After another advance of troops to the western borders in December, Russia made demands to the West, formalized in the form draft bilateral agreement with the United States on security guarantees, and draft agreement on measures to ensure the security of Russia and NATO member countries. These projects had three main requirements:
- a commitment not to expand NATO to the east and a separate refusal to admit states formerly part of the USSR into the alliance;
- the return of the deployment of the alliance troops to the state of May 27, 1997;
- guarantees against the deployment of ground-based intermediate and shorter-range missiles (from 500 to 5500 km) in areas from where they could strike Russian territory.
Although such missiles are not in service with the United States and other NATO countries, the Kremlin believes that there is a hypothetical possibility of deploying them in the American ground-based Aegis Ashore missile defense installations in Romania and Poland. Other theses were formulated, such as the withdrawal of American non-strategic nuclear weapons (nuclear free-fall bombs) from the territory of Belgium, Germany, Italy, the Netherlands and Turkey.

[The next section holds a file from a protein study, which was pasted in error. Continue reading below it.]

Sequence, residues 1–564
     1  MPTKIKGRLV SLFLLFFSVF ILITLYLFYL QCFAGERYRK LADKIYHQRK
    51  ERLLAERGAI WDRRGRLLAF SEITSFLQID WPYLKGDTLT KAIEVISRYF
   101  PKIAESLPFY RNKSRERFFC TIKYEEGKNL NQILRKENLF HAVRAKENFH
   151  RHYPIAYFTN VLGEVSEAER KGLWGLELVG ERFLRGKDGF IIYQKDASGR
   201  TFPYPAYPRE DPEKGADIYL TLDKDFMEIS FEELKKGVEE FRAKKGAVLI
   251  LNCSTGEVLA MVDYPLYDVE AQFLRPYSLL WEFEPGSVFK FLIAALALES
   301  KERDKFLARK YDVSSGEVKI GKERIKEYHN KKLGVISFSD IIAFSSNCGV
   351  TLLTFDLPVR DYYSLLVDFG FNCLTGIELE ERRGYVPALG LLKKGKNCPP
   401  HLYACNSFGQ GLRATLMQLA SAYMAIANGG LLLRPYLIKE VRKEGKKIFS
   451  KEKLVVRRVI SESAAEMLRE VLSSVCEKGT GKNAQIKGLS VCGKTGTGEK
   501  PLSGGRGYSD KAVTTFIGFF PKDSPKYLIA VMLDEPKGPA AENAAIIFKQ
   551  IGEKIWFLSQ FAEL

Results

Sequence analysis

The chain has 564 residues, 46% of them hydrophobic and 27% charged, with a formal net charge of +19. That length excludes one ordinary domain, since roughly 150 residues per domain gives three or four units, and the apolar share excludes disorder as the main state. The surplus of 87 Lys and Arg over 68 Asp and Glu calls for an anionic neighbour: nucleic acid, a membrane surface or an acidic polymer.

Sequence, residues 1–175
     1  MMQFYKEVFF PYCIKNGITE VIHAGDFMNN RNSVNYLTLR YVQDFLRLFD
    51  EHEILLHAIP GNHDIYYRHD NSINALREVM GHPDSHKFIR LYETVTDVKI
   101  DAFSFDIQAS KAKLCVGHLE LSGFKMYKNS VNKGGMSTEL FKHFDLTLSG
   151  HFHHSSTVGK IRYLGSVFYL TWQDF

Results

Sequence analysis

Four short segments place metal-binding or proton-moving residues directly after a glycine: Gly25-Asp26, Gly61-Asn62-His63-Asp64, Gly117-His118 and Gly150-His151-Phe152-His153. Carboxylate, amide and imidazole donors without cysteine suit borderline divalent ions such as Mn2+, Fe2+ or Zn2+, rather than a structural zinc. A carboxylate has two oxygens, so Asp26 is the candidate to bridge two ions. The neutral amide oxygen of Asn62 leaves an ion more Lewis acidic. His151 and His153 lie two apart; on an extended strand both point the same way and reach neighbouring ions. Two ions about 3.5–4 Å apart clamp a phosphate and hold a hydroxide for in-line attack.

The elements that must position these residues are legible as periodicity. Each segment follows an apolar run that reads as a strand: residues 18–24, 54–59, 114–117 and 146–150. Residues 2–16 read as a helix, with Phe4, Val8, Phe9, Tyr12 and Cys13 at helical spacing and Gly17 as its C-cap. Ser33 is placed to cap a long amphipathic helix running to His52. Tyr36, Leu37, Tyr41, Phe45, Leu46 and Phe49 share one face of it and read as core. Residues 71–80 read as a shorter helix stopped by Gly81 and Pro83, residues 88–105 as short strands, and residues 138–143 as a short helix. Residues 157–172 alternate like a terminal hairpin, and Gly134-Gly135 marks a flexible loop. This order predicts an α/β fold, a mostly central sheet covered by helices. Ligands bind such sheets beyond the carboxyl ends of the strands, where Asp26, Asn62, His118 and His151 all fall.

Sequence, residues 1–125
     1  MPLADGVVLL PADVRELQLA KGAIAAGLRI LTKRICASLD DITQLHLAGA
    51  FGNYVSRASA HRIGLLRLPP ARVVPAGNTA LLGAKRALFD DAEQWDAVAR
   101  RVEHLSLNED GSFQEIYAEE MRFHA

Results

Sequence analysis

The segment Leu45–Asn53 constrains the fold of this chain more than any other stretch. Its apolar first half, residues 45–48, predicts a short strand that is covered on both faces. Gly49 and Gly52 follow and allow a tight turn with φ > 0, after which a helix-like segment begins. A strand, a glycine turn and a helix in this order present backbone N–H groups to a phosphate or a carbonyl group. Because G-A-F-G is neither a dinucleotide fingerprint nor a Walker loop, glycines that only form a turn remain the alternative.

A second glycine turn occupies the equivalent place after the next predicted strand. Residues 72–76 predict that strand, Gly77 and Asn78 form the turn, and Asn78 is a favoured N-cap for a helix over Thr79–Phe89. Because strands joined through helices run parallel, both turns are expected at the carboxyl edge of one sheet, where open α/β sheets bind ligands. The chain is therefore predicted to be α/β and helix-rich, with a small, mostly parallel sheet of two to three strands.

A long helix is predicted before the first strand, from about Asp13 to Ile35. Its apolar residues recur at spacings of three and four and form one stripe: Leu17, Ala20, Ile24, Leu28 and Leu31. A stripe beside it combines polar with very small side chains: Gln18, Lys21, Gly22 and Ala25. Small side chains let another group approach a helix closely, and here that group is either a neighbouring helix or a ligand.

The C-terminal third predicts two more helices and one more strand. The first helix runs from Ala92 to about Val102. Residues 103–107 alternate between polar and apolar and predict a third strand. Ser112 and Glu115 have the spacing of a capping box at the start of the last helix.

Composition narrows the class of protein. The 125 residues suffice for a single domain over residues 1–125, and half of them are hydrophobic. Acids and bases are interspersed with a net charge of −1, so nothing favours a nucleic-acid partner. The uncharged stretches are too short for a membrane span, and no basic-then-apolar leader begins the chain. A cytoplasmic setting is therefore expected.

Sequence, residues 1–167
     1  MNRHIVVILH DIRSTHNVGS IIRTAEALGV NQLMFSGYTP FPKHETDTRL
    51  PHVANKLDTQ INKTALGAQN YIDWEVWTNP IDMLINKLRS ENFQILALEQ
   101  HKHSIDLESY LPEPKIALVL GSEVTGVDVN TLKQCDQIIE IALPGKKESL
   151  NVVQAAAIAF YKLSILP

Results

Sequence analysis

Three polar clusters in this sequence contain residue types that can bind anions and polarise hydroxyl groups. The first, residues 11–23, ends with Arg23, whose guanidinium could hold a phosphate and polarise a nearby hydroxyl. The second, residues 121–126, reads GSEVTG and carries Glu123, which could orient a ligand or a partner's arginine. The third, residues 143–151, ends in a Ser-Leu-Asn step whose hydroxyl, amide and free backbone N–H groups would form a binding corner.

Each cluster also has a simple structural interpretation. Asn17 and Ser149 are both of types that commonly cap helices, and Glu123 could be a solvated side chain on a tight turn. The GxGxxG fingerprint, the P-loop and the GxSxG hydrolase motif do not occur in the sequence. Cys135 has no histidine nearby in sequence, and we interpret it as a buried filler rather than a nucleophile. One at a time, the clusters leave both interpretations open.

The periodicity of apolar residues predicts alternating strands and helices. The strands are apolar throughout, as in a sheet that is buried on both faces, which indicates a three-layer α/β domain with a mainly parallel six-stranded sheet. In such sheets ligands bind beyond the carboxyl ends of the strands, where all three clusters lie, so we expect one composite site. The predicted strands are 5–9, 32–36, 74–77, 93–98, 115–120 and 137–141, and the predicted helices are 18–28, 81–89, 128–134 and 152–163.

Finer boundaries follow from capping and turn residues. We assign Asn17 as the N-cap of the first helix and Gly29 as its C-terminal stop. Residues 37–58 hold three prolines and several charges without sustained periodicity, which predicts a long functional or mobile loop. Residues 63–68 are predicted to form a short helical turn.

These apparently unacceptable demands would mean a virtual capitulation of NATO, and their implementation would only lead to new demands from Moscow – for example, regular Russian inspections of the same Aegis Ashore installations to make sure that these guarantees are observed. Documents from the first day of publication were unofficially called “ultimatum”.
The Russian diplomatic school inherits the Soviet one and borrowed many techniques from it. One of them is rigidity and a demonstrative refusal to bargain and make concessions, based on the fact that Russian diplomats traditionally have their hands tied, and any, even insignificant, deviation from the declared line requires coordination with Moscow, regardless of the diplomatic rank of the head of the delegation. Simply put, our diplomats have almost no influence on foreign policy, but only carry out orders like an army. Any real agreements are the monopoly of the political leadership, for which their own diplomats are only mouthpieces and tools.